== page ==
She bristled, giving Azroth a glance that he didn’t quite understand.
Riddick smirked. “I’m waiting.”
“You’ll only get fifty percent,” Ariel said, her hands on her hips. “Without Fen, you won’t get in and out alive. He’s been inside that building before. He knows where they could be hiding that gem. With guards crawling all over the place, you need us.”
Riddick pulled Ariel into his filthy arms showing her a tenderness that seemed at odds with the situation. She didn’t resist, and Azroth’s stomach clenched. If Riddick did anything to hurt her, this farce of a truce was over.
“If I catch you again after tonight, Fire Drake, you’re dead. Ariel’s infatuation with you won’t save your skin a third time. My tolerance is up.”
With that, Riddick pressed his lips to Ariel’s. Azroth expected Ariel to fight back, to resist being treated like this. However, the longer and more passionately Riddick kissed her, the more Ariel leaned into it, wrapping her arms around his neck.
Azroth’s slack jaw and outraged eyes turned to Gabe, who he was confident would be ready to start throwing punches like he did the first time he caught Azroth and Ariel kissing. He was wrong.
Though Gabe appeared disgusted, he didn’t seem overly surprised. This wasn’t the first time Ariel and Riddick had kissed. He swung back to the entwined couple and his stomach lurched. How long had this been going on? How long had Ariel been playing him for a fool? The thought extinguishing the sparks on his hands.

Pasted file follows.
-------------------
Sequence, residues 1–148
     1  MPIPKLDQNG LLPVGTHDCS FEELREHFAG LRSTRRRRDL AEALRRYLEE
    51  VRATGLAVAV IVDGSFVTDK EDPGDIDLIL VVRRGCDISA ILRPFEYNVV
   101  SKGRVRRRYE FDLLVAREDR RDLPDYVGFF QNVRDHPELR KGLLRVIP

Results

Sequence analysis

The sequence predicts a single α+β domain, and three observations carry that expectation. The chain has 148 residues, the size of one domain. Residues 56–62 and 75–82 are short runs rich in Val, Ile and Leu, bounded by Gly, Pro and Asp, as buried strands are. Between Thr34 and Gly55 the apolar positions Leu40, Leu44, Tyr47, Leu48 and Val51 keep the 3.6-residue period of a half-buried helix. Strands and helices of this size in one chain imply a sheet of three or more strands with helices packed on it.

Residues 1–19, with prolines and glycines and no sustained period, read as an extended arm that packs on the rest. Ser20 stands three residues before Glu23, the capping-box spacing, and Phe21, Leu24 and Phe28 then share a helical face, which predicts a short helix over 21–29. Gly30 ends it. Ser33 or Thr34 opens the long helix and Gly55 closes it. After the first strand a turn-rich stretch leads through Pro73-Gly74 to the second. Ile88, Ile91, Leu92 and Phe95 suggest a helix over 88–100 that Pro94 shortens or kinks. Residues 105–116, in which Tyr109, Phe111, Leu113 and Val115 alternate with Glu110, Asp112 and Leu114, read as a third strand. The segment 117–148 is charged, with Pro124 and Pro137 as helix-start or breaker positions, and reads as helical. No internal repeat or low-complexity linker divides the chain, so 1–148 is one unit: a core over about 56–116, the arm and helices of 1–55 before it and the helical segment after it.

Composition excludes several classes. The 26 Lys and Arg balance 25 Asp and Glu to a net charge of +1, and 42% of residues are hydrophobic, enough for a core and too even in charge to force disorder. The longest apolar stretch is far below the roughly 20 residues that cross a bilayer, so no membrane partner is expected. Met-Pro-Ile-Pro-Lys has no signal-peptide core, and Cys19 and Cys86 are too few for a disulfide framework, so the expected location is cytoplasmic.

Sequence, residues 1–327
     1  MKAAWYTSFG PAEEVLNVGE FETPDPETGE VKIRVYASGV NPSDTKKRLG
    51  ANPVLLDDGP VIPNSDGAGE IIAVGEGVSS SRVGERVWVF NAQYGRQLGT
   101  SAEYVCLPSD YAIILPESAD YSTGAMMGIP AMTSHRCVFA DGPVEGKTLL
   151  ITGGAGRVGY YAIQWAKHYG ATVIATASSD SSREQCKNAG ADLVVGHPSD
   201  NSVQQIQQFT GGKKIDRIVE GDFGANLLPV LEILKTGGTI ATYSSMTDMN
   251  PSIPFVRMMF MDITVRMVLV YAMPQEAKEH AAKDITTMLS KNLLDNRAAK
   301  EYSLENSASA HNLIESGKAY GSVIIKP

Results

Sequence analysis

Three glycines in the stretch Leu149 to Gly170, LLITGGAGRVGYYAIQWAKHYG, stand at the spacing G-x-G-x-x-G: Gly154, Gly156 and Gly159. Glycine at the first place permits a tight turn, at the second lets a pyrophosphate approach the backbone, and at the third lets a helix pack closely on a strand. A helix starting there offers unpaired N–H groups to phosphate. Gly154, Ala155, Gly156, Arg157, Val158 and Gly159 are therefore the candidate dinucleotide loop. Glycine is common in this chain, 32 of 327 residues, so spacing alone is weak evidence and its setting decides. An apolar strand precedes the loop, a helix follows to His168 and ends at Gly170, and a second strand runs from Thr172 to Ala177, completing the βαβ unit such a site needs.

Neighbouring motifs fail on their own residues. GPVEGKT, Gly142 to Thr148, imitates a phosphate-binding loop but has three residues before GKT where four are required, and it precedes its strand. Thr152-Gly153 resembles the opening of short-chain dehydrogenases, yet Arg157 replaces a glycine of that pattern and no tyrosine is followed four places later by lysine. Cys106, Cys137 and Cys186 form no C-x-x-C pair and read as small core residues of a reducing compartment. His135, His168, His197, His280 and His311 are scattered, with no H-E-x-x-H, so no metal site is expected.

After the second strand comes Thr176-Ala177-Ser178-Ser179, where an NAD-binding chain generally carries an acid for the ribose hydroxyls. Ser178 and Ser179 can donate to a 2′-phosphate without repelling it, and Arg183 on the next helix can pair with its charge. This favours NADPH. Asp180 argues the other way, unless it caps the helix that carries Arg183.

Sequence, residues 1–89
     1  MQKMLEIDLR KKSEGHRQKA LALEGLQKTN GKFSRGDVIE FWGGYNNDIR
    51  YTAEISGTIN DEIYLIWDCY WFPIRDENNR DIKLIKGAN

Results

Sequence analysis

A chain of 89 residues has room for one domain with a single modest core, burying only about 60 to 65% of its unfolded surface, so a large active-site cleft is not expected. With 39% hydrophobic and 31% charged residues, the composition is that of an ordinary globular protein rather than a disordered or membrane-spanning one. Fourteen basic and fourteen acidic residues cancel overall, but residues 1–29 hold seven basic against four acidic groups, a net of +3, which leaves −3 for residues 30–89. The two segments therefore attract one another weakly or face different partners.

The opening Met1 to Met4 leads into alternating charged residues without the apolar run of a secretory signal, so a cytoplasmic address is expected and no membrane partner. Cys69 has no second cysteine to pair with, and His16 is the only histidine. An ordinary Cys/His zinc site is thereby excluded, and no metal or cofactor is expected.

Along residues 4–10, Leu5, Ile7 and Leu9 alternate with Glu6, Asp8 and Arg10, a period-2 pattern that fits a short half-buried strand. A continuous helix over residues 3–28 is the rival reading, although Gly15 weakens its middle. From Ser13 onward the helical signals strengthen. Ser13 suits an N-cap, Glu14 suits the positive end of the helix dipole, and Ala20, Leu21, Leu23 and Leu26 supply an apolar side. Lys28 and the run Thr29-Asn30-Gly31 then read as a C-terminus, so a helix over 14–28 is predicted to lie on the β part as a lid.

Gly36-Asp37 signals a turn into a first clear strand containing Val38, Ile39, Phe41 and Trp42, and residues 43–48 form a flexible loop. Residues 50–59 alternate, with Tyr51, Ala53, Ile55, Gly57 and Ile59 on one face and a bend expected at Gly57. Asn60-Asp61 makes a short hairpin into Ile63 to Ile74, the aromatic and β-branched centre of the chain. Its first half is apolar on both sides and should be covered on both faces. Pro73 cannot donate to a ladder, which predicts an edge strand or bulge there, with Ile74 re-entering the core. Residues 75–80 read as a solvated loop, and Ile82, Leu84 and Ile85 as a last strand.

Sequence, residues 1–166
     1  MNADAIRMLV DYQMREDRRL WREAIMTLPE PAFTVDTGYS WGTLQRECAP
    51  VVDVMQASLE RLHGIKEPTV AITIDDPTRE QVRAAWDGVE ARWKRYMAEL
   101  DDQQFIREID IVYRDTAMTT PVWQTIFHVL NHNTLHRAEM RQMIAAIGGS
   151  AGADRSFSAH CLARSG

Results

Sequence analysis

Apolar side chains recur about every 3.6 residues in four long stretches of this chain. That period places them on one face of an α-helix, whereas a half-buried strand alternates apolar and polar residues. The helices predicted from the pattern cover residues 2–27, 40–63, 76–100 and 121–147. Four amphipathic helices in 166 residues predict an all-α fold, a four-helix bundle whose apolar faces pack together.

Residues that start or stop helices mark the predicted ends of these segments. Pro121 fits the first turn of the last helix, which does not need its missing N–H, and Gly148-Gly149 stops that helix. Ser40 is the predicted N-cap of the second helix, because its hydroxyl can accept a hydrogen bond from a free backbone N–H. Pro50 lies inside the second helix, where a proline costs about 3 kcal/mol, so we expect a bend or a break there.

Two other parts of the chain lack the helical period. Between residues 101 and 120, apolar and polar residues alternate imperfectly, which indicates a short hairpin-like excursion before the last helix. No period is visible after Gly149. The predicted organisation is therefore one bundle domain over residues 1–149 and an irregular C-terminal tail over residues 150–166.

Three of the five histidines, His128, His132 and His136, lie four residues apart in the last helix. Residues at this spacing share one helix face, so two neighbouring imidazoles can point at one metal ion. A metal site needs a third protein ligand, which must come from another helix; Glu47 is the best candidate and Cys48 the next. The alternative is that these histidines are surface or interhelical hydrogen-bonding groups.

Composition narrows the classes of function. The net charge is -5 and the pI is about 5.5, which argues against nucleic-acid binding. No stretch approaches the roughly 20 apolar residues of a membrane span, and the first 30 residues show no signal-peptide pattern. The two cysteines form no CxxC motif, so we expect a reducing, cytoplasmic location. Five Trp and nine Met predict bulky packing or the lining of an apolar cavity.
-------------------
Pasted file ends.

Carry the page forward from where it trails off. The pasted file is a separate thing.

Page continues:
When they finally let go of each other, Riddick kissed her nose. “Mmmh. How I’ve missed that. Missed you. You should have ditched Fen sooner, then I wouldn’t have had to wait so long.”
Ariel’s smile back at Riddick faltered as she caught sight of Azroth’s livid expression.
Every time she’d disappear to this side of the city over the past year and never gave him an explanation as to where she’d been or what she’d been doing now made perfect sense. It was possible she’d even stopped over here after her day with the Vixen’s. Azroth thought he might throw up. If he did, he hoped it was all over Riddick.
Once tonight was over, he was done. The northern thief lord could have Ariel.
“If these two die tonight,” Riddick tossed his head at Gabe and Azroth. “Are you finally ready to come to my side of the city to stay?”
“We’ll discuss it after we get the gem out of there,” Ariel said, casually.
“Fair enough.” Riddick grinned wickedly at Azroth. “So how do we get in?”